PO Box 28583 o Santa Ana, CA 92799

3N69/3N69A - Gold Mountain Trail Cleanup
July 19-21, 2002

John Hively, Greg Hoffman and I had done a pre run in the spring. The Gold Mountain Trails, 3N69 & 3N69A, were in fairly good condition. We were able to made a Schedule of Work that included a lot of "out of the ordinary" projects. We were talking of truck loads of rock, to shore up the water drainage areas that are showing erosion; a water buffalo (trailer with water tank and high pressure nozzle) to wash away dirt from bed rock areas and bring the Trail back to it's advertised rating of Most Difficult, make some improvements on the Rock Garden and the Rock Quarry areas of the trail, as well as the usual tree trimming, trash pick up, defining the edges of the trail, cutting down some dead trees that were to close to the trail and a few other miscellaneous things. We always pay special attention to protecting the Pebble Plain areas; this year would be no different.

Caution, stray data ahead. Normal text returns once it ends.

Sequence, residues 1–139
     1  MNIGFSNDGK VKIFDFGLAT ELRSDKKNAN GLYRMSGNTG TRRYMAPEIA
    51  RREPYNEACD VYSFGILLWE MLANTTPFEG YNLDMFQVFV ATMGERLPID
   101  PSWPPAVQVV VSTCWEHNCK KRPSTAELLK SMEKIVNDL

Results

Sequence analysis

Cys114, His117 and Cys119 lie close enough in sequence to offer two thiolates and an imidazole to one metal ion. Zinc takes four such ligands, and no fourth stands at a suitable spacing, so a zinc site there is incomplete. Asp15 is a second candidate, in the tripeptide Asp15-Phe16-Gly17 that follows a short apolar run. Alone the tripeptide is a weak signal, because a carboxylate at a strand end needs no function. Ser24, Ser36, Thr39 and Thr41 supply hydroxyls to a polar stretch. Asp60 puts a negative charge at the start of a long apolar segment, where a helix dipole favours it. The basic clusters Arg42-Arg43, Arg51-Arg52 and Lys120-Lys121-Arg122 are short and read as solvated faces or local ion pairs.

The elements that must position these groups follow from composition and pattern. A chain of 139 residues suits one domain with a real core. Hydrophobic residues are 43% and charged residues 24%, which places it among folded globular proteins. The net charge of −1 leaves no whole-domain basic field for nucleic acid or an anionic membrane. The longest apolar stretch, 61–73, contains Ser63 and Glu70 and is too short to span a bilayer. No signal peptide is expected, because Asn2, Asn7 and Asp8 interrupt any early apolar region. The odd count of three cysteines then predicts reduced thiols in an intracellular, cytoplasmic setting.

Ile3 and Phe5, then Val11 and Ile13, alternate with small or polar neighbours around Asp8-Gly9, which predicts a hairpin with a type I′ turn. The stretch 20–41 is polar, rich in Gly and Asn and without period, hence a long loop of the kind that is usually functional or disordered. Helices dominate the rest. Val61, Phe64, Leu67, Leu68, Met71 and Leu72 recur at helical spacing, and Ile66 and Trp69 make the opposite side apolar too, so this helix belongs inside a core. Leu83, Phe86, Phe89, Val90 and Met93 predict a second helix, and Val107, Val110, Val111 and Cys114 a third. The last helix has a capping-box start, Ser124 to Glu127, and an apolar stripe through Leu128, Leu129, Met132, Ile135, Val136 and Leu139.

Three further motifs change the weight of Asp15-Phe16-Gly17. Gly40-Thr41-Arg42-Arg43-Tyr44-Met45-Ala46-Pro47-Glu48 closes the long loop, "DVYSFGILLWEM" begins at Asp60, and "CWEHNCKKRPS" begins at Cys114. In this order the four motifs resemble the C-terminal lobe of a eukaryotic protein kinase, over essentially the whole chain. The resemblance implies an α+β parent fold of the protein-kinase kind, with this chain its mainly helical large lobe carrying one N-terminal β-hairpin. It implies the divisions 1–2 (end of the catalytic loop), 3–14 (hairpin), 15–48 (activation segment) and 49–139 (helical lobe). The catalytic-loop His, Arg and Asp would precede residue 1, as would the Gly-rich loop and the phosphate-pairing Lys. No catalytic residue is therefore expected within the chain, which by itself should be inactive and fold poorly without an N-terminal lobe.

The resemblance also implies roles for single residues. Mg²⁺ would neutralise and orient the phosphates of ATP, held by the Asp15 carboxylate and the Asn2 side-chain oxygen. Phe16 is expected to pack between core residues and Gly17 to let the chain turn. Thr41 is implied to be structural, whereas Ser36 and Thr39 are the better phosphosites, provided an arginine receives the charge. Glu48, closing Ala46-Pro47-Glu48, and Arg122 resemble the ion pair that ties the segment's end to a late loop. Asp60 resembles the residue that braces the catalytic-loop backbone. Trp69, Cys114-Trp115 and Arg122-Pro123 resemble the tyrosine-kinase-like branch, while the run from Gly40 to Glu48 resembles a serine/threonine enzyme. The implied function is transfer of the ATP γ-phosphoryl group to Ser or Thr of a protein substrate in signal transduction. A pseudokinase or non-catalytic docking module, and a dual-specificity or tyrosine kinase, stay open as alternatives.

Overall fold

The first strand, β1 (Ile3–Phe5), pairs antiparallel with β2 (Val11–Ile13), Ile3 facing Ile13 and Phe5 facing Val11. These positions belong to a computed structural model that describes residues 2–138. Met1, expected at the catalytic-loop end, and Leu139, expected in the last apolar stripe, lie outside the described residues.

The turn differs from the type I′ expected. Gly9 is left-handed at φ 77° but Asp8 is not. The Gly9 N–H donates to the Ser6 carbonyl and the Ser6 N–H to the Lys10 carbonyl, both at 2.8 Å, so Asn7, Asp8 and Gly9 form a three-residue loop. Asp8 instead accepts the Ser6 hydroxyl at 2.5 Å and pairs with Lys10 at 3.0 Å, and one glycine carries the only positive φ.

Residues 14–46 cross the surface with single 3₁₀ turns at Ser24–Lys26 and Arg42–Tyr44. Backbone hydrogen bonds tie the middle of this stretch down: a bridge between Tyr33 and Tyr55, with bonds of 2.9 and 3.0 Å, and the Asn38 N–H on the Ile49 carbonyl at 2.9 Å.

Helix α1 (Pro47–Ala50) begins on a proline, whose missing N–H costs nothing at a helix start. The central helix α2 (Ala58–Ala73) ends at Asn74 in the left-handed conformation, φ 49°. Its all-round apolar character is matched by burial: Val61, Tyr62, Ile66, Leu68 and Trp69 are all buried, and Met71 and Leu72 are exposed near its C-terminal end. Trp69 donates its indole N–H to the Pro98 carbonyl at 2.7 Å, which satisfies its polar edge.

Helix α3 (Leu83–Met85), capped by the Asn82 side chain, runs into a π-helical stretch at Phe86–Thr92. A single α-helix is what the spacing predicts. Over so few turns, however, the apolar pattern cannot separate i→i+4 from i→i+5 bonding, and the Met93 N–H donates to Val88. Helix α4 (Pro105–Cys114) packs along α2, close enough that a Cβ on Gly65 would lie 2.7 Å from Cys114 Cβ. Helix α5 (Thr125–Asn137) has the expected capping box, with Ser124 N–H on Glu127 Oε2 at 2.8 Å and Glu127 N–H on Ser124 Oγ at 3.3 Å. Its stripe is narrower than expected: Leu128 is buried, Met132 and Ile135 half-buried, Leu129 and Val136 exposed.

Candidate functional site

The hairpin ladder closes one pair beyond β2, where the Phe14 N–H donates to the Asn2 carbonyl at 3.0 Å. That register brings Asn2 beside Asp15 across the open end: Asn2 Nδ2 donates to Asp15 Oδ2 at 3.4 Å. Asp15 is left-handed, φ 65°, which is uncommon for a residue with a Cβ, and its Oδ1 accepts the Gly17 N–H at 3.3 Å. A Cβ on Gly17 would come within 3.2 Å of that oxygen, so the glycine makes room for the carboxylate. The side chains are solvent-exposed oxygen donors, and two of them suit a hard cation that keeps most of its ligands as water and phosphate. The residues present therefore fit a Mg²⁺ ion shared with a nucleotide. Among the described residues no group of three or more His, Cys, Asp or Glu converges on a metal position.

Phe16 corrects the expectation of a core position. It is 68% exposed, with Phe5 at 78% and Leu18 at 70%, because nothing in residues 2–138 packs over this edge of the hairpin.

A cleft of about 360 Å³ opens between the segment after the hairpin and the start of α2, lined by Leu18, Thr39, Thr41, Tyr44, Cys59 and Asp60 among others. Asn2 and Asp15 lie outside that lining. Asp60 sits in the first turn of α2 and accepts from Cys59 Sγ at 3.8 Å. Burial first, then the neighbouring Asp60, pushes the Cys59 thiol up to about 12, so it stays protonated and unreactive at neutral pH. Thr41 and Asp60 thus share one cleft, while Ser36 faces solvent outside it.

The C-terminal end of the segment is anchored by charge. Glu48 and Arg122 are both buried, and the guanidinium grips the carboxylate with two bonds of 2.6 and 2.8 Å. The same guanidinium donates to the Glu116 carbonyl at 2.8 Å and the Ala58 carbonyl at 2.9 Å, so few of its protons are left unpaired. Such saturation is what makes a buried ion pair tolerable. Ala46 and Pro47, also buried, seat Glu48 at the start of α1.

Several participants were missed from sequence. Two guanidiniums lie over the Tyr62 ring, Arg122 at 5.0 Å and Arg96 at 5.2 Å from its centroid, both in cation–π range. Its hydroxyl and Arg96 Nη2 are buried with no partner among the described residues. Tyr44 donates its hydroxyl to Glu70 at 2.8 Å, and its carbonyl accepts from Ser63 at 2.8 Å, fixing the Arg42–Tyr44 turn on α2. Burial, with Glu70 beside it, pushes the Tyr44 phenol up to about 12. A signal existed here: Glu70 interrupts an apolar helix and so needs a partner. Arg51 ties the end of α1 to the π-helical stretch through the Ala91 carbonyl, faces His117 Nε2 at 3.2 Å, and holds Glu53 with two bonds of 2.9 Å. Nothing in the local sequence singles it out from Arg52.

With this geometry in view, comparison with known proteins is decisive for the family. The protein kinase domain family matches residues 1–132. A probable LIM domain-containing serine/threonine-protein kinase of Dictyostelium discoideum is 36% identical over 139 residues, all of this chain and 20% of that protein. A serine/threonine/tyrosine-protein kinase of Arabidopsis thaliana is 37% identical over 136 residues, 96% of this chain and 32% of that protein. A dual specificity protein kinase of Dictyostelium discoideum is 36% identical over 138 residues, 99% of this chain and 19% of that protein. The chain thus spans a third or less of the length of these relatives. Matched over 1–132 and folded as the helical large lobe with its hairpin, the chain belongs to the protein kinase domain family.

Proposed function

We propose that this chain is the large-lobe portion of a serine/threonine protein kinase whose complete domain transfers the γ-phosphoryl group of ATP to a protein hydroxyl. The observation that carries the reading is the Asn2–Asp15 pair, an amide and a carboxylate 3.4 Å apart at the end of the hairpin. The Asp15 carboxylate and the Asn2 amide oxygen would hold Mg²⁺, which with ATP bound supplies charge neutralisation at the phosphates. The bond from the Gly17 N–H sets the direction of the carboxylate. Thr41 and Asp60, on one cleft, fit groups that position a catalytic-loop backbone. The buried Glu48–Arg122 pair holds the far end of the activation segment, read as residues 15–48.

The Forest Service budget for the rock fell through and I'm not sure what happened to the water buffalo but we did get the use of a small tractor and a military style trailer. This worked well because Greg was training for his certification on the tractor and with Steve (the Trainer); Greg was able to get several hours in the drivers seat. The other good thing about this is that Greg is recovering from knee surgery and is on light duty but still able to help out. Everything else was going to be manual labor, shovels, picks, rock bars and branch loppers, well we did get to use a chain saw for cutting the trees.
Friday consisted of a brief pre run to mark some areas of concern. We used some irrigation flags, so that our teams would have an easier time identifying spots that needed attention.